North Queensland would become a state in its own right if a referendum on the issue was held today, exclusive polling conducted by ReachTEL in Townsville has revealed.
The poll, commissioned by Katter’s Australian Party, has revealed almost 36 per cent of Townsvillians “strongly agree” with the push for a North Queensland to secede from the state’s south while 21 per cent “agree”.
Around 17 per cent of people are indifferent, while collectively 26 per cent “disagree” or “strongly disagree”.
The poll, conducted in late September, surveyed around 350 locals across the state electorate of Mundingburra.
Buoyed by the results, KAP Leader and Traeger MP Robbie Katter has announced his party’s plans to push for a referendum within six months of the next parliament on whether the North should take control of its future and officially separate from the south.
The referendum question would be posed to North Queenslanders only, with the boundary to be drawn strategically alongside the Tropic of Capricorn (north of Rockhampton).
Mr. Katter said it was clear the only way North Queensland would get a fair go was for us to be able to determine our own future.
“By definition, a referendum is direct democracy in action and that is 100 per cent consistent with what we are setting out to achieve here,” he said.
“And the LNP and Labor are afraid of even letting us have a vote to decide our future.’”
Mr Katter said people in the North should not be surprised at the determination of the LNP and Labor to prevent North Queensland from having a vote its future.
They are constantly looking over their shoulders to butter up to Brisbane’s inner suburbs regardless of the effect on regional Queensland,” Mr Katter said.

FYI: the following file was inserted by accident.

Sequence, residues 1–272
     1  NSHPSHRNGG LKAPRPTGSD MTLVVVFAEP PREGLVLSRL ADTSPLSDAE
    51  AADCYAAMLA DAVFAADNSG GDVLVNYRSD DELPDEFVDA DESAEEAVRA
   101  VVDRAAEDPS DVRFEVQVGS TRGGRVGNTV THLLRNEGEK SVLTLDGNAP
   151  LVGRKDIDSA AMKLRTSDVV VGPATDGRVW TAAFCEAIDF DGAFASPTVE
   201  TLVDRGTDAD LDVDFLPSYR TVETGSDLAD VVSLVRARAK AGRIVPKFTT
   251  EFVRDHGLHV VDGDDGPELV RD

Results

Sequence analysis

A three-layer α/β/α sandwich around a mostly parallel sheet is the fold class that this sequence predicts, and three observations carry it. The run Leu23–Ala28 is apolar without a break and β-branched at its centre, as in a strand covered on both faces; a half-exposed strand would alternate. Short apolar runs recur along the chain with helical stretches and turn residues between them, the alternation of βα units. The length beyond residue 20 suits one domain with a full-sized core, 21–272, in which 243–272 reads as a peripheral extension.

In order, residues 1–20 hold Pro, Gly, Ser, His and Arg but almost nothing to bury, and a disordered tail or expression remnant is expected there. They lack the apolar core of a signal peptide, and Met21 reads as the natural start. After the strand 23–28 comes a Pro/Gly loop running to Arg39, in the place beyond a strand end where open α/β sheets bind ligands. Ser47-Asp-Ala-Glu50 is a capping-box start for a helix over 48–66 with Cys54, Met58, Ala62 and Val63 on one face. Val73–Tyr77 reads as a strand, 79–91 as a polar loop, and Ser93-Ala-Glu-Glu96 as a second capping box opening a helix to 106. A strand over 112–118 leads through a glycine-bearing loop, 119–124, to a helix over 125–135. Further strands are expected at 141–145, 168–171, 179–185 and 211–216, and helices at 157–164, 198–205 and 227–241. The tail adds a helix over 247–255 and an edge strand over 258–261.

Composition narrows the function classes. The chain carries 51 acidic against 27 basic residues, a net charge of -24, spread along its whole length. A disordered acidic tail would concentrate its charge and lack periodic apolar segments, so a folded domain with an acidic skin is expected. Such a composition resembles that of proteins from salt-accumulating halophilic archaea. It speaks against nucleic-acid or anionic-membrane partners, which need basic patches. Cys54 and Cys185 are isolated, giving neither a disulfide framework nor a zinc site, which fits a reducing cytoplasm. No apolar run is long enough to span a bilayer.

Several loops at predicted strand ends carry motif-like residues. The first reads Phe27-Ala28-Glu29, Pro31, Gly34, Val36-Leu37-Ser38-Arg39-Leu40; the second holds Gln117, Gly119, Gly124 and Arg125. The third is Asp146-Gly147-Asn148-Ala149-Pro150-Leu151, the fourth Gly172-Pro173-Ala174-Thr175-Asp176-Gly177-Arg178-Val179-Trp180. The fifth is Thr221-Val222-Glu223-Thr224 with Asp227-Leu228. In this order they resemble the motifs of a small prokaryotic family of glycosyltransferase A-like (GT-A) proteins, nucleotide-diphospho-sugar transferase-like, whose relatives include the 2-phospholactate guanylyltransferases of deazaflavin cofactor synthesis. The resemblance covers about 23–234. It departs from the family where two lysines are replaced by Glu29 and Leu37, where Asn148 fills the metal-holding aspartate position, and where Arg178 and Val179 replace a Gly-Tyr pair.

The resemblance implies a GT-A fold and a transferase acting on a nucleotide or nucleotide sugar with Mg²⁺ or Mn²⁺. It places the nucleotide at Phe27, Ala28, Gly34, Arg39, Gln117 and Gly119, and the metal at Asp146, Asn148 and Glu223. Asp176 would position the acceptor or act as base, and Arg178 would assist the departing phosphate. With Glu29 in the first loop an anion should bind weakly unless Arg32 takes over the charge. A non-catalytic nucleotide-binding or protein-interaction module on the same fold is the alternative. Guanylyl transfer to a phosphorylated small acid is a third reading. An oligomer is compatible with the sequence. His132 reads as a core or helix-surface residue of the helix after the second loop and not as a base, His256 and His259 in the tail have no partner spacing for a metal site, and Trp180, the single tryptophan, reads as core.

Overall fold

“”You only have to look at the LNP’s decision to preference the Greens in every seat, all the key decision makers in the public service sitting in Brisbane issuing instructions about how we should live our lives and run our businesses, Labor’s and the LNP’s spending billions on more road systems around Brisbane, but putting upgrading the Bruce Highway on the ‘sometime/maybe’ system and the LNP’s and Labor’s willingness to spend millions on an Olympic Games bid but not being able to find money for dialysis machines in North Queensland.”
In September, 2016 the LNP voted with Labor to oppose the KAP in a motion to establish of a separate state of North Queensland.
Again in March, 2018 the LNP and Labor even opposed a KAP proposal to conduct a $250,000 feasibility study into how much it would cost to divide Queensland into two separate states.
But Mr Katter said the major parties’ blatant disregard of the proposal was now being drowned out by a growing tide of support from both Queenslanders and Independent MPs.
Last month, Independent MP Jason Costigan backflipped on his previous dismissal of the plan and pledged his support for a North Queensland state.
The KAP labelled the Mr Costigan’s moves as the height of hypocrisy considering the Whitsunday MP’s history of helping to block the KAP’s past attempt to fund a feasibility study when he was a member of the LNP.
Then, The Courier Mail released its Your Say 2020 survey results showing almost half of North Queensland respondents expected a split between the north and the south within three decades. 
Mr Katter said finally holding referendum on the issue was the key first step in understanding what was the best future for North Queensland.
“We know that while there has been a push for North Queensland statehood since before federation, but the Queensland Government is controlled by Brisbane and therefore has always refused us this chance,” he said.
“They have everything to lose by separating, but we in the North have everything to gain.”